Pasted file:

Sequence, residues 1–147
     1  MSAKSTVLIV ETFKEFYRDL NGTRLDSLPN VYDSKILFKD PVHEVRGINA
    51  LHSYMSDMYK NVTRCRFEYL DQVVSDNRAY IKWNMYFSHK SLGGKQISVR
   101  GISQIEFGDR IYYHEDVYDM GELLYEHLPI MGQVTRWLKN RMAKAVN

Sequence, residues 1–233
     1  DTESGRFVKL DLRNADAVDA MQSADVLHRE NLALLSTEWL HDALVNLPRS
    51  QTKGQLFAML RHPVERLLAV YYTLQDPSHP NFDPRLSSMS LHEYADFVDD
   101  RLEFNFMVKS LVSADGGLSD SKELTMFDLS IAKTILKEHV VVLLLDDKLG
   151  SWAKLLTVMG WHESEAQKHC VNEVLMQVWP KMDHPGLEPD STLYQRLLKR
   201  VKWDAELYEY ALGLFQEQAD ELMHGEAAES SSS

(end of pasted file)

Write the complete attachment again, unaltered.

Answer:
Sequence, residues 1–147
     1  MSAKSTVLIV ETFKEFYRDL NGTRLDSLPN VYDSKILFKD PVHEVRGINA
    51  LHSYMSDMYK NVTRCRFEYL DQVVSDNRAY IKWNMYFSHK SLGGKQISVR
   101  GISQIEFGDR IYYHEDVYDM GELLYEHLPI MGQVTRWLKN RMAKAVN

Sequence, residues 1–233
     1  DTESGRFVKL DLRNADAVDA MQSADVLHRE NLALLSTEWL HDALVNLPRS
    51  QTKGQLFAML RHPVERLLAV YYTLQDPSHP NFDPRLSSMS LHEYADFVDD
   101  RLEFNFMVKS LVSADGGLSD SKELTMFDLS IAKTILKEHV VVLLLDDKLG
   151  SWAKLLTVMG WHESEAQKHC VNEVLMQVWP KMDHPGLEPD STLYQRLLKR
   201  VKWDAELYEY ALGLFQEQAD ELMHGEAAES SSS